¶15 Solicitation of business by attorneys is condemned in most, if not all, jurisdictions in this country. 67 A.L.R.2d 859. It is a violation of Canons 27 and 28 of the Canons of Professional Ethics of the Oklahoma and American Bar Associations. This court has specifically held that it is ground for disbarment, In re Durham, 190 Okl. 588, 126 P.2d 69, or for suspension from the practice of law, State ex rel. Oklahoma Bar Ass'n v. Hatcher, 201 Okl. 683, 209 P.2d 873.

¶16 An examination of the cases cited in the annotation at 67 A.L.R.2d 859 reveals that the discipline imposed in other jurisdictions for solicitation ranges from a simple reprimand or censure to permanent disbarment. The same is true in Oklahoma. In State ex rel. Oklahoma Bar Ass'n v. Hamilton, Okl., 274 P.2d 383, the respondent was reprimanded; in In re Durham, 190 Okl. 588, 126 P.2d 69, respondent was permanently disbarred from the practice of law. Many factors, unnecessary to set out here, have been considered by the courts in extenuation or aggravation of the offense. See 67 A.L.R.2d 872. The many and varied circumstances involved in the different cases make it extremely difficult if not impractical to formulate any rule of thumb to follow in deciding upon the appropriate discipline in a given case.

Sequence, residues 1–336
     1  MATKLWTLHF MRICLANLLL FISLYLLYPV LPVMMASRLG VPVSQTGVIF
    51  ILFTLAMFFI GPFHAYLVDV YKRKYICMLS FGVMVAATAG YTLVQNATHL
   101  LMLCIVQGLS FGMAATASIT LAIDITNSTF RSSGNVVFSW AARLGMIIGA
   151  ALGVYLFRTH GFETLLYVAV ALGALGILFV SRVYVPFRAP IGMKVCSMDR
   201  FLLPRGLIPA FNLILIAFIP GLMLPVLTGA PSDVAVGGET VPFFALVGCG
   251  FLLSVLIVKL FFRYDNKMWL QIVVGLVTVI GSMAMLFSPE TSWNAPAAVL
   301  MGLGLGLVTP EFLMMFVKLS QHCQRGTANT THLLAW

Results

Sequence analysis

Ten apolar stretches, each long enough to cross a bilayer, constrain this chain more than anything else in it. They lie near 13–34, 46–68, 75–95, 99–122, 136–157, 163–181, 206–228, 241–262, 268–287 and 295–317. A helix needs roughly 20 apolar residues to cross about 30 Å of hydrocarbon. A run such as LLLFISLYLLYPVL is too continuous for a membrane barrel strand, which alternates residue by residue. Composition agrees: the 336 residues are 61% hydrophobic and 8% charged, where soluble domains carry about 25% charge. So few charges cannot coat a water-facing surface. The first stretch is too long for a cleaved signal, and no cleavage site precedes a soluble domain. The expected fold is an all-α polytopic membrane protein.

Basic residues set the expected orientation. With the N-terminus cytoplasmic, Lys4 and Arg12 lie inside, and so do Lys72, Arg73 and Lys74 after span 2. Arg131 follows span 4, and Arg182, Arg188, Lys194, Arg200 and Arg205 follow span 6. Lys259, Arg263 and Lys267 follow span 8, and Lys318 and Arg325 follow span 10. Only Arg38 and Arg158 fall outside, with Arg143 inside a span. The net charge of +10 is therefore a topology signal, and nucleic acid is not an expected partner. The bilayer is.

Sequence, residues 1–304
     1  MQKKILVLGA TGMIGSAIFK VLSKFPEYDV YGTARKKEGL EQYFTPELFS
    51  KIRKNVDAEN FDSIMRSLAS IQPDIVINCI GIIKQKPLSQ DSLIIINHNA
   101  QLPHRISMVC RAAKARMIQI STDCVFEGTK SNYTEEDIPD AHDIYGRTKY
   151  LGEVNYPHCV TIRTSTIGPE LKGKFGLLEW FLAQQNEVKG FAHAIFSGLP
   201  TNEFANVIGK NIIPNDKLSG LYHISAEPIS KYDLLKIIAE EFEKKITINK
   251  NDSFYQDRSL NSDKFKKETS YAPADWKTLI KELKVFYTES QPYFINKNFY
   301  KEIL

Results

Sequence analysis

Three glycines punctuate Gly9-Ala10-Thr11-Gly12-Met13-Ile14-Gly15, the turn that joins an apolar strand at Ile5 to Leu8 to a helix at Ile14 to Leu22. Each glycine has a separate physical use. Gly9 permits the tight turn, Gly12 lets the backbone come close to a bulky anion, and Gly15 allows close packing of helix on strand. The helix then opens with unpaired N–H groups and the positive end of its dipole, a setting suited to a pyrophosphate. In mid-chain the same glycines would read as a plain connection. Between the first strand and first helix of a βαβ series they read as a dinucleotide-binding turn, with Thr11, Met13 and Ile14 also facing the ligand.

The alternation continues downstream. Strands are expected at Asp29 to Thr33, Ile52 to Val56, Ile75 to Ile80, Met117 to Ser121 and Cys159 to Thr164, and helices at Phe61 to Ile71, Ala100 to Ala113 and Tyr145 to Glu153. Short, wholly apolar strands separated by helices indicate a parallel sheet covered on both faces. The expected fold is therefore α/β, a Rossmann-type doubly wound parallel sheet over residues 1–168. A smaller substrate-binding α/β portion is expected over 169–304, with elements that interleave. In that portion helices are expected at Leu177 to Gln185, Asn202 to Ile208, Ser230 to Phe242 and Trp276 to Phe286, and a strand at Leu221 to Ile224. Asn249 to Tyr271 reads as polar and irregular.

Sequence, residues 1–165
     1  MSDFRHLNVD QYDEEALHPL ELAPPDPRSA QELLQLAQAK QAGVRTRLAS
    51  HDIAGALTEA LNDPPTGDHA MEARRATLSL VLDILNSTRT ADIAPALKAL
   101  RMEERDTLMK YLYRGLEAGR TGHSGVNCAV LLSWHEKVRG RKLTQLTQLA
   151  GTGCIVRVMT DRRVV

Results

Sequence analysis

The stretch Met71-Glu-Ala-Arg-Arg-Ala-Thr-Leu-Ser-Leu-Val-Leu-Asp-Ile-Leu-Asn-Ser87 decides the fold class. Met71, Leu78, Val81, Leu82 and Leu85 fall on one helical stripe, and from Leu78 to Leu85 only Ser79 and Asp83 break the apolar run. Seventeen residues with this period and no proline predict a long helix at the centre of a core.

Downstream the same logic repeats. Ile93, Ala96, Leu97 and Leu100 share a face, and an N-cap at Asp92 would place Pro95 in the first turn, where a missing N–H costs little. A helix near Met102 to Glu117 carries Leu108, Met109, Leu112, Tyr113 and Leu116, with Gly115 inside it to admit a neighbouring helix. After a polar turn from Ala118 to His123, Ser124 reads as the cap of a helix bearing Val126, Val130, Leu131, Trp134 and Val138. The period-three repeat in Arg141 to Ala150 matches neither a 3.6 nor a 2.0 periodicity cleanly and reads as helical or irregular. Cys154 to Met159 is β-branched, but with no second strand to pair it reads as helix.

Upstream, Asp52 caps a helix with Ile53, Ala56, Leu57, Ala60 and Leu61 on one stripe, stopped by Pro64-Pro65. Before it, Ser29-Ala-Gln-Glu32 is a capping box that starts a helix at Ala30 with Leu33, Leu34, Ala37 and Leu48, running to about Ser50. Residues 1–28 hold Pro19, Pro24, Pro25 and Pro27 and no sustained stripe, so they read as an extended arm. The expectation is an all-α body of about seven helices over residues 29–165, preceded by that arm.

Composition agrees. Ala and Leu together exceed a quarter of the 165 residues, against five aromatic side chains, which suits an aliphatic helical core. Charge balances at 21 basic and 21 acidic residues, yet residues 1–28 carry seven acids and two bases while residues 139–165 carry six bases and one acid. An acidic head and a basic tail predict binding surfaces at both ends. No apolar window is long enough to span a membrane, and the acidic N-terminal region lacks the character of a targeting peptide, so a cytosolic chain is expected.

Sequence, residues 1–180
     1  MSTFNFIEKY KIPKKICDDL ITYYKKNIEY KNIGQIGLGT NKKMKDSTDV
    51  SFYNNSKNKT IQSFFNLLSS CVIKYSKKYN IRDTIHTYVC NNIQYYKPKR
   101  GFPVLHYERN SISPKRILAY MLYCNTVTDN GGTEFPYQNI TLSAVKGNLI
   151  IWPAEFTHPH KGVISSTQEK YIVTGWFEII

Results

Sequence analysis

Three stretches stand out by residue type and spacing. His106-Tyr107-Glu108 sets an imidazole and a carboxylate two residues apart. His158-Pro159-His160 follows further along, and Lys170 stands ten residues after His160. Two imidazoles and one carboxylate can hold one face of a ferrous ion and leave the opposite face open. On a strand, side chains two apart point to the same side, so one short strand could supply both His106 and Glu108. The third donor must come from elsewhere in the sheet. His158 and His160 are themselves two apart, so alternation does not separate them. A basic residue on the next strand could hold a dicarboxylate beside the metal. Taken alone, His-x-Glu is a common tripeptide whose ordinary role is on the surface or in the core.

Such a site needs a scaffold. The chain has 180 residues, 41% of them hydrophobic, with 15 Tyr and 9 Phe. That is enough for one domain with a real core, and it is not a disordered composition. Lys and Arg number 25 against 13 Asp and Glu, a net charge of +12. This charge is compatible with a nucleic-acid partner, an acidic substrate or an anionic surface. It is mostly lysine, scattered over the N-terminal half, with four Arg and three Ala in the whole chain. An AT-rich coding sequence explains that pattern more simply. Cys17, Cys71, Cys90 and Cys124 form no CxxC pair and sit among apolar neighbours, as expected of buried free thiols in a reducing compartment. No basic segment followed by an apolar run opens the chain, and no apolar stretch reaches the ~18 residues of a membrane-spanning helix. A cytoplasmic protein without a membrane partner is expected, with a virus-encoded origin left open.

¶17 In the instant case the record does not disclose any misconduct on the part of respondent other than the solicitation charges. The record further discloses that respondent's services rendered in behalf of his clients who testified herein were satisfactory to them.

¶18 After a careful review of the record and briefs before us, and a thorough consideration of all the circumstances involved, we are of the view that respondent should be, and accordingly is, suspended indefinitely from the practice of law in the State of Oklahoma. However, we are of the further view that respondent should be privileged after two years from the effective date of this order, and upon application, to produce evidence to the satisfaction of the court that he has undergone rehabilitation, and it is so ordered.

¶19 HALLEY, C.J., and DAVISON, WILLIAMS, BLACKBIRD, IRWIN and LAVENDER, JJ., concurring.

¶20 HODGES, J., concurring in part and dissenting in part.